On Saturday, I was on my way to Adaklu Waya when I got a call to contribute to Newsfile. I parked at the next Adaklu town and joined the programme via phone.
I was answering the last question when I saw a truck with coconut seedlings. Fred Duhoe came to mind immediately and when I looked at the driver's seat, he was the one, wearing a white Joy FM-branded polo shirt. I waved and caught his attention. I told him how proud I was of his determination.
Fred was a business reporter at Joy FM (JoyNews) as an intern and later a national service person. He finished his service in the middle of a crisis, at a time media houses were laying off workers so he could not be retained.
He called me for advice on how to survive as a freelance journalist in Ghana. And I had to be honest with him. In Ghana, freelance journalism generally means doing journalism for free.
Freelance journalism doesn't pay here. I started as a freelance journalist for Daily Graphic and GBC. I remember the only times I received payment for my stories were two instances Daily Graphic paid me 100 cedis each for two exclusive front-page stories I filed for the paper. GBC did not pay for any of the award-winning stories I traveled as far as Bunkpurugu to file.
It was those days that the news editor of Daily Graphic, Sammy Okaitey, called me to his desk and told me something that could pass for a prophecy if it had come from the mouth of a preacher: "Young man, will go very far journalism. Keep it up."
I am still working hard to fulfill the late Sammy Okaitey's words, but those endeavours and the modest gains I made as a freelancer gave me a permanent job. When I later resigned and went back to freelancing, the name I had made opened many doors of opportunity in national and international media as well as training opportunities.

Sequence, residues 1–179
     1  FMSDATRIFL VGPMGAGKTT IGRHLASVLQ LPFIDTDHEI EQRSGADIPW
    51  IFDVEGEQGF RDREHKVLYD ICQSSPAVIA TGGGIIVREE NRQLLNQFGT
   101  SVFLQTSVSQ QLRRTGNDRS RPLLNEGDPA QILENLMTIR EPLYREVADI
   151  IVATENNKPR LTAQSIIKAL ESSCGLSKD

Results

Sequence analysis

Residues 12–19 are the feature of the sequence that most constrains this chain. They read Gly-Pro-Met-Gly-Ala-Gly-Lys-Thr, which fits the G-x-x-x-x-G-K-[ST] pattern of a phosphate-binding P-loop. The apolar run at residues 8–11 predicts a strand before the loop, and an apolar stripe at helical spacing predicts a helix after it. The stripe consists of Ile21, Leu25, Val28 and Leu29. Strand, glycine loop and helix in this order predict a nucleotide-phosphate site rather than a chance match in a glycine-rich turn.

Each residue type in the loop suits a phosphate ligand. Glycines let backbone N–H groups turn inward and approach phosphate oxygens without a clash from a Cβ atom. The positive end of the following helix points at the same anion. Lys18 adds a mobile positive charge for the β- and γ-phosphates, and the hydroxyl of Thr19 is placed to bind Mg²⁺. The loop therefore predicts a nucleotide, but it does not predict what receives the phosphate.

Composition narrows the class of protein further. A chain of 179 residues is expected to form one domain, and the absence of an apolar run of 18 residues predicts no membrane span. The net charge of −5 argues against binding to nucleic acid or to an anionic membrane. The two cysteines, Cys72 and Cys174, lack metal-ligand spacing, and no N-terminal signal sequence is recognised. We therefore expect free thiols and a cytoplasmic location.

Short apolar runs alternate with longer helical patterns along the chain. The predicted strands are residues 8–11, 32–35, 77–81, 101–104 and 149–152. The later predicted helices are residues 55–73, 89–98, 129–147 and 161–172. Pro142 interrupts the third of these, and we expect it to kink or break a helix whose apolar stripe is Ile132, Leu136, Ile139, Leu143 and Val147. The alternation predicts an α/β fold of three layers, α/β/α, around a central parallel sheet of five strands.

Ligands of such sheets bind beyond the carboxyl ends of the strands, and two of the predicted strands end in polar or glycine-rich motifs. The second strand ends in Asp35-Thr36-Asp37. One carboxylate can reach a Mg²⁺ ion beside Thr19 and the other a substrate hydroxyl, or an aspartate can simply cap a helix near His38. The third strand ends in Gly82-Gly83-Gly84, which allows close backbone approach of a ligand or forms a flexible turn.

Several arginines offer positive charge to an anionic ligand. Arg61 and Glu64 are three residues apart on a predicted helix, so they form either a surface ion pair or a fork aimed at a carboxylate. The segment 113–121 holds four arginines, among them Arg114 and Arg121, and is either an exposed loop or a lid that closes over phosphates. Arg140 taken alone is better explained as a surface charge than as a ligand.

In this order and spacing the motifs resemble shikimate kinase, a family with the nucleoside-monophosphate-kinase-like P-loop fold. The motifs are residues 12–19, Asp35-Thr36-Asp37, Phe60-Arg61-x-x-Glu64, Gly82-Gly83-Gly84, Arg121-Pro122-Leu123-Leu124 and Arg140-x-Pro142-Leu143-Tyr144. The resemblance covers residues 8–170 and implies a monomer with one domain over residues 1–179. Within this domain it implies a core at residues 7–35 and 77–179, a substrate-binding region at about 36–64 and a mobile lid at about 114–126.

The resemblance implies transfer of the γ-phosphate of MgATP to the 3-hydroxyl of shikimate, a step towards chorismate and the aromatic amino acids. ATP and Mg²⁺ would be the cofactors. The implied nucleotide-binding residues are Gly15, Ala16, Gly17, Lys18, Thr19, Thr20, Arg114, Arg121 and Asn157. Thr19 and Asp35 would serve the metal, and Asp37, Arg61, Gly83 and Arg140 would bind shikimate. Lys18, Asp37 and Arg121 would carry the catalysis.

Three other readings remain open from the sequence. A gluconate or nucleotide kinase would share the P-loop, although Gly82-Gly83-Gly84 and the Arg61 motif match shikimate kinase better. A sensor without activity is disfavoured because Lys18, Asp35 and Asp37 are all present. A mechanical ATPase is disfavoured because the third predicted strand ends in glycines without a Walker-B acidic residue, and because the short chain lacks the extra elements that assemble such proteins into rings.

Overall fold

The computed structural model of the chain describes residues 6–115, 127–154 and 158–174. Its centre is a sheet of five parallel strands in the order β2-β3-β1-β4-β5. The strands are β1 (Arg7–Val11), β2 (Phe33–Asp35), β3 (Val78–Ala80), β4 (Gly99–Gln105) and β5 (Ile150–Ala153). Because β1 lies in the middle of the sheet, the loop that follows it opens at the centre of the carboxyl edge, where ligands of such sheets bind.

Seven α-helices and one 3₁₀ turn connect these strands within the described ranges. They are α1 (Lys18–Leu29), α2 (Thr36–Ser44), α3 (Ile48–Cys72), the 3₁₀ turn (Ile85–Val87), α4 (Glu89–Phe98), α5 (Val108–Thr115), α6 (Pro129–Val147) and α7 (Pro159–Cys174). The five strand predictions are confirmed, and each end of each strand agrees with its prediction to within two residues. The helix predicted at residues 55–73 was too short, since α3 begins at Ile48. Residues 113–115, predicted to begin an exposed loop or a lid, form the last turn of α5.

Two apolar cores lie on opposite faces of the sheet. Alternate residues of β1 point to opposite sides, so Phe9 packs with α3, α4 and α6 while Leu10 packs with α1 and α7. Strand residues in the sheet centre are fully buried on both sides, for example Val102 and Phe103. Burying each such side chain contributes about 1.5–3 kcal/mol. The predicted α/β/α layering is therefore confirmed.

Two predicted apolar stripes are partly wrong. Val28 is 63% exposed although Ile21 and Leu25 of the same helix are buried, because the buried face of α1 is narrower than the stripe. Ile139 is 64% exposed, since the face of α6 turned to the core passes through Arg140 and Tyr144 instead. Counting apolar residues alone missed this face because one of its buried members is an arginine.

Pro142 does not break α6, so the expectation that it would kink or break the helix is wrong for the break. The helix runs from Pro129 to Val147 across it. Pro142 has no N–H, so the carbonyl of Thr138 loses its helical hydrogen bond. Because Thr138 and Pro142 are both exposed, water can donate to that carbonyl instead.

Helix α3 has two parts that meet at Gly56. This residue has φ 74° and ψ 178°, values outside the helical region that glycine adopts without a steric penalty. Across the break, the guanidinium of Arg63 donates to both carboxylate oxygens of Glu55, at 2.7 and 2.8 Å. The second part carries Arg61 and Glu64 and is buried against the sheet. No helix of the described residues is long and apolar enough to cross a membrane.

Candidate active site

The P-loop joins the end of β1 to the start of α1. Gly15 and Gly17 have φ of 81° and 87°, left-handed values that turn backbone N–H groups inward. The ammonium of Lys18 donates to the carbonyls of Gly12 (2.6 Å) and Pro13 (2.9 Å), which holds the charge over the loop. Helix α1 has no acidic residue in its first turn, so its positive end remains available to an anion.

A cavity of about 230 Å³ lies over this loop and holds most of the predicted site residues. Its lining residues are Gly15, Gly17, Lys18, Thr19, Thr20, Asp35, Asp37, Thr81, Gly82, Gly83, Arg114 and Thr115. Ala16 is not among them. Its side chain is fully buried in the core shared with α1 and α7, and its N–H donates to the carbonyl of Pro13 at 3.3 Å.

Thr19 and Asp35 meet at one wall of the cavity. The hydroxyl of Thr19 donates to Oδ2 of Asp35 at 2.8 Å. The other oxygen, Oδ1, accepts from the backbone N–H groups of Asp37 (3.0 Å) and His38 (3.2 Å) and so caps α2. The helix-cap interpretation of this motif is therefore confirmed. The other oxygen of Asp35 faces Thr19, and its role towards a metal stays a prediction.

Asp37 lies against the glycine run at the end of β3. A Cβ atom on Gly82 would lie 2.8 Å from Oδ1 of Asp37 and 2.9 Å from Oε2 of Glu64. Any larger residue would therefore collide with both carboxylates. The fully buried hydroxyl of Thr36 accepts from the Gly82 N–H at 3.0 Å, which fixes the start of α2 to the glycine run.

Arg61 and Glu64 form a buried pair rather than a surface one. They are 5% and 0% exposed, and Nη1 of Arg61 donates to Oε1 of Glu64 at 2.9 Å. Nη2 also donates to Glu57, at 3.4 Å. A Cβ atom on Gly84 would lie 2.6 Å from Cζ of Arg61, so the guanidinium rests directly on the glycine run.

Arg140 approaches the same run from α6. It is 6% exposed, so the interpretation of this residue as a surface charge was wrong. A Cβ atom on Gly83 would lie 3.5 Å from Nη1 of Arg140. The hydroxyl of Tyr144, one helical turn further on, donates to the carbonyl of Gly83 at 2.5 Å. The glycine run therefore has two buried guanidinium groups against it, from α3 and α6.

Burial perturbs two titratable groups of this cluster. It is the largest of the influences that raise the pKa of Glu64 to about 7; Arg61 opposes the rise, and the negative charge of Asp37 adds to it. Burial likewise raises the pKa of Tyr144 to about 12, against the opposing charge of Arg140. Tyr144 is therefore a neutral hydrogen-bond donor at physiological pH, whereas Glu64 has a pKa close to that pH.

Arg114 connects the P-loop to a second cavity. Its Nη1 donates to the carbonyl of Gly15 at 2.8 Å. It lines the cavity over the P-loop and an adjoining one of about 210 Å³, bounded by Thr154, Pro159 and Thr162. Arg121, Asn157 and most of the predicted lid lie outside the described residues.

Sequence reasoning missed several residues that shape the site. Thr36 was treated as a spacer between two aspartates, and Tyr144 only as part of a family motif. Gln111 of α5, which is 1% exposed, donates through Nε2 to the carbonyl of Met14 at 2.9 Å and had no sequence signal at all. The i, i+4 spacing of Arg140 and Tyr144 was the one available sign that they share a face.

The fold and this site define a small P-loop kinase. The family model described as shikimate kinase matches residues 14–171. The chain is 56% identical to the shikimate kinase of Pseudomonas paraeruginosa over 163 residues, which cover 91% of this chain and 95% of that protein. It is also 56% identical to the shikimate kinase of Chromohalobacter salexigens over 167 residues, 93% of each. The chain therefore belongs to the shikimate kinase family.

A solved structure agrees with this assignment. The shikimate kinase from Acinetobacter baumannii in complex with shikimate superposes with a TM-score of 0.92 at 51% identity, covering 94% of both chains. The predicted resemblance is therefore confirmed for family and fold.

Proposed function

As a beginner, however, I told Fred he would struggle if he didn't have a source of livelihood apart from freelance journalism.
Before we met on Saturday, I had followed Fred's business of selling coconut seedlings and noticed the hard work that goes into travelling around the country to sell.
On Saturday, he was leaving Ho, where he had sold the previous day for Adidome and then to Accra.
Our country is getting more and more difficult for young people. Job opportunities keep drying up like poorly-constructed dams in the harmattan. But people like Fred, who are determined against the odds, find a way to live. I told him there was joy in honest labour.
Some are born into wealth. Others become rich through dishonest means. And others work hard to make it.
Sometimes young people are shy to do certain jobs. Yesterday, Fred's social media updates had him at conference rooms covering important business assignments. Today, his posts are those of a coconut seedlings seller.
I pray and hope he excels. His hustles are here for us all to see. Unlike others, he would not have to jump from one radio station to the other to tell weird tales of how he made it.
God bless you and your hustle, Fred Duhoe.
If you need dwarf coconut seedlings to buy, call Fred on call 0243736330.